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Carbon pricing principles

We believe that well-designed carbon pricing provides the right incentives for everyone – energy producers and consumers alike – to play their part in reducing emissions

Carbon pricing makes energy efficiency more attractive and makes low carbon solutions, such as renewables and carbon capture, use and storage, more cost-competitive. bp’s aim 6 is to more actively advocate for policies that support net zero, including carbon pricing.

A fifth of the world’s GHG emissions are now covered by carbon pricing systems.

Stable and well-designed carbon pricing adds a cost to energy production and energy products, but it also provides a basis for future investment and a level playing field for all energy sources.

In the US, we support cap and invest programmes because we believe well-designed carbon pricing provides everyone incentives to help reduce emissions. Learn more about the policies and why we support them. 

At a global level, we are working with our peers and other companies, governments and civil society to help support the expansion of carbon pricing through the Carbon Pricing Leadership Coalition. And we are a founding member of the US-based Climate Leadership Council, which is considering a carbon tax that would be returned to citizens in the form of dividends.

We believe that carbon prices need to reach at least $100/£75 per tonne in order to rapidly accelerate the deployment of renewable electricity and support other low carbon opportunities such as hydrogen, CCUS and biofuels to deliver net zero by 2050.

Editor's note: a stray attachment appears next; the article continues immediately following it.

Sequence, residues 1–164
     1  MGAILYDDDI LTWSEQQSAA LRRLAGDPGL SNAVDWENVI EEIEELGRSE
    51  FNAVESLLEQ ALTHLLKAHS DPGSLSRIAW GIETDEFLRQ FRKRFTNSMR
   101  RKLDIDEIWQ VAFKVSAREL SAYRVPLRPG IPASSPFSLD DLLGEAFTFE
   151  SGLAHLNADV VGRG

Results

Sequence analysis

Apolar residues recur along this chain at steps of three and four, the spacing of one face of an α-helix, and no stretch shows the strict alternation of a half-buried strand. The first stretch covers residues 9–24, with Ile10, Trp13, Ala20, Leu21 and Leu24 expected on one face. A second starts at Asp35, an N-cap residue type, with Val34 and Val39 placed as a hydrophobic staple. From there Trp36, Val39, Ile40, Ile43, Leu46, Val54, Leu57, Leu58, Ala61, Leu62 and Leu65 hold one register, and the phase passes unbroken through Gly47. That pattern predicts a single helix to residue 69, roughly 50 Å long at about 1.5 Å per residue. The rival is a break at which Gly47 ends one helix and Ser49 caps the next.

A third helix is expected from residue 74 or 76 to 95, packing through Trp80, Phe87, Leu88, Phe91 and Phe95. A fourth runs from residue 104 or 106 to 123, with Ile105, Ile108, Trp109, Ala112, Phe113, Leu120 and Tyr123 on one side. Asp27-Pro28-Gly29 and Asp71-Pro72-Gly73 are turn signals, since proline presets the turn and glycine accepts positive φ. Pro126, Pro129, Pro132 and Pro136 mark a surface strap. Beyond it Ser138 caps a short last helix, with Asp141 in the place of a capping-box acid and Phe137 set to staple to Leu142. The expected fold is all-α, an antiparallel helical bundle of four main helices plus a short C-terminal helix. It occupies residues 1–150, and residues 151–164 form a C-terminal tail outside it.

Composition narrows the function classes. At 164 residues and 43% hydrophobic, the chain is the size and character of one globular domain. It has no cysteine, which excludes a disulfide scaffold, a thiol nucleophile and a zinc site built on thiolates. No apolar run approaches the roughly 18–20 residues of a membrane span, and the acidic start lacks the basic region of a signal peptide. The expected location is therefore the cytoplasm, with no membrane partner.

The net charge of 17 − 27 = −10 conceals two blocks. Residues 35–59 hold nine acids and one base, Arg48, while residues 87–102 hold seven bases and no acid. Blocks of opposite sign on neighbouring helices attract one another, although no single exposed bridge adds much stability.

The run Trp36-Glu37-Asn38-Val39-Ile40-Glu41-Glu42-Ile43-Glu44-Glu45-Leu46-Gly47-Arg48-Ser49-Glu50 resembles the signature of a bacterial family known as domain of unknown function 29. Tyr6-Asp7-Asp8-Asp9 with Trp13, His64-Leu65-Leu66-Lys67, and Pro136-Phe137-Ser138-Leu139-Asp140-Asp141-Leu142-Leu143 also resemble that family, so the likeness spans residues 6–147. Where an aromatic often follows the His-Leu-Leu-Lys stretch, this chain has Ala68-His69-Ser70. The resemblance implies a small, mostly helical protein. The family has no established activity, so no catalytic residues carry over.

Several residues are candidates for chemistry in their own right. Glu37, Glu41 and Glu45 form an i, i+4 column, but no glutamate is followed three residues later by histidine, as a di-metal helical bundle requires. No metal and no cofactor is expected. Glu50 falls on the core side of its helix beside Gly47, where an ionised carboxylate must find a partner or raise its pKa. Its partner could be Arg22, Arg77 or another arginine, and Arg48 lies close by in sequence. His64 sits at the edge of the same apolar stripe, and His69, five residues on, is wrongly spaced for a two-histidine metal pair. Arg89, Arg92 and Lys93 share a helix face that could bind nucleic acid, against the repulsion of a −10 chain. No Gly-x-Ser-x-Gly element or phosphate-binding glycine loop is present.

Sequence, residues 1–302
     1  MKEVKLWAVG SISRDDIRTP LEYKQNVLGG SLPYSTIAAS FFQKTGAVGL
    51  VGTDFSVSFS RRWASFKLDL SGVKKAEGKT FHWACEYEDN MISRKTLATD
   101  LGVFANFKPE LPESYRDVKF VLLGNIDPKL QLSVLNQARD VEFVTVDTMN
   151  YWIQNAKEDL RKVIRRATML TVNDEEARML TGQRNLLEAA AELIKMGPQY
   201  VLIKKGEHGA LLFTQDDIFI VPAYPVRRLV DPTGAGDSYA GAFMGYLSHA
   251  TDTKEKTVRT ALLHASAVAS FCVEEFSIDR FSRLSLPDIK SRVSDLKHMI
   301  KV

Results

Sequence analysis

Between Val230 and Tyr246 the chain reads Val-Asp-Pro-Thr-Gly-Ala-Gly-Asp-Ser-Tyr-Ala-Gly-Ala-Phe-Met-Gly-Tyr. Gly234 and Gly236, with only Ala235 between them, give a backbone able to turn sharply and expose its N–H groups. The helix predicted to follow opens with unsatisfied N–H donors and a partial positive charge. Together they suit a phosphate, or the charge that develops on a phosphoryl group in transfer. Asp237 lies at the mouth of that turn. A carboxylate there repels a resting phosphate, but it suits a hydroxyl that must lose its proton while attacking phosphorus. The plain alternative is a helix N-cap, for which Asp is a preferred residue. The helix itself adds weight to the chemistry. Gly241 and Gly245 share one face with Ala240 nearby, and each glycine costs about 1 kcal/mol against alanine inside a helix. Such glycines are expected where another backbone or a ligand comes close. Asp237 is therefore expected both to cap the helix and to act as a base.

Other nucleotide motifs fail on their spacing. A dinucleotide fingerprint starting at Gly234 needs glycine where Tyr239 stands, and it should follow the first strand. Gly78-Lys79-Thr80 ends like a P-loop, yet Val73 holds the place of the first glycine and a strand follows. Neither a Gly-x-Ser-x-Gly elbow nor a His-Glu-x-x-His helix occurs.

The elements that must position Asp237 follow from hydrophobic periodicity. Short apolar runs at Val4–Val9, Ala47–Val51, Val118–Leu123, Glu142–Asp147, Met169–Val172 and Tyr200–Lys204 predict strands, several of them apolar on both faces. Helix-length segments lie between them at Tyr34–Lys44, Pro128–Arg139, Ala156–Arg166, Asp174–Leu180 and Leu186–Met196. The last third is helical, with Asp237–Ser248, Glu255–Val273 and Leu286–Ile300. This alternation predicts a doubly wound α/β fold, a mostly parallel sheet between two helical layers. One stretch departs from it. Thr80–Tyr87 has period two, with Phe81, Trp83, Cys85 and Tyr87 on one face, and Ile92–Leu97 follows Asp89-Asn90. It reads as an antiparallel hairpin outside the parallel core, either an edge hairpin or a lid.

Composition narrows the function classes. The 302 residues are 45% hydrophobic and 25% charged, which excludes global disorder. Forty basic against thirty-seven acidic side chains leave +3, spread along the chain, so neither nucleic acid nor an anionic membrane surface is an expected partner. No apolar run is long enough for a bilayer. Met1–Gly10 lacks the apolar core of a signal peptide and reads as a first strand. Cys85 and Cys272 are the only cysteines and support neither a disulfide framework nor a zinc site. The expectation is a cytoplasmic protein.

Our approach

We believe that a well-designed price on carbon – either a tax or a cap-and-trade system – is the most efficient way to reduce greenhouse gas (GHG) emissions.


  • Economy-wide: it should apply to all quantifiable GHG emissions in all sectors of the economy on a CO2 equivalent basis.
  • Single policy: it should pre-empt future and replace existing regulations that overlap or duplicate the carbon price.
  • Leakage: it should prevent the shifting of emissions and jobs from one country or subnational jurisdiction to another, ideally through measures ensuring the continued competitiveness of energy-intensive, trade-exposed domestic industries.
  • Point of regulation: it should be applied and collected as close as administratively feasible to the point of emissions, providing transparency to emitters and helping them make economic choices to reduce emissions.
  • Pricing and escalation: subject to periodic review, the price should be ramped up gradually before accelerating and levelling off.
  • Programme assurance: alongside periodic review, it should include flexible and dynamic adjustment mechanisms to assure that its emissions and economic goals are achieved.
  • Offsets: it should give credit to companies in sectors exposed to the price for investing in accredited emissions reductions from sectors not exposed to the price (e.g. agriculture, forestry and other land use industries).
  • Additional policies: these should be limited in number, tightly focused on correcting market failures (e.g. energy efficiency standards), filling temporary gaps in carbon pricing coverage (e.g. regulations for hard-to-quantify GHG emissions like methane) and transitional support for promising but emerging low carbon technologies (e.g. CCUS and renewables).
  • Use of revenues: it is for governments to determine the use of revenues but they could be returned to the economy in beneficial ways, e.g. through income or payroll tax reductions or investment in programmes related to carbon reduction (e.g., sector retraining, low carbon research and development).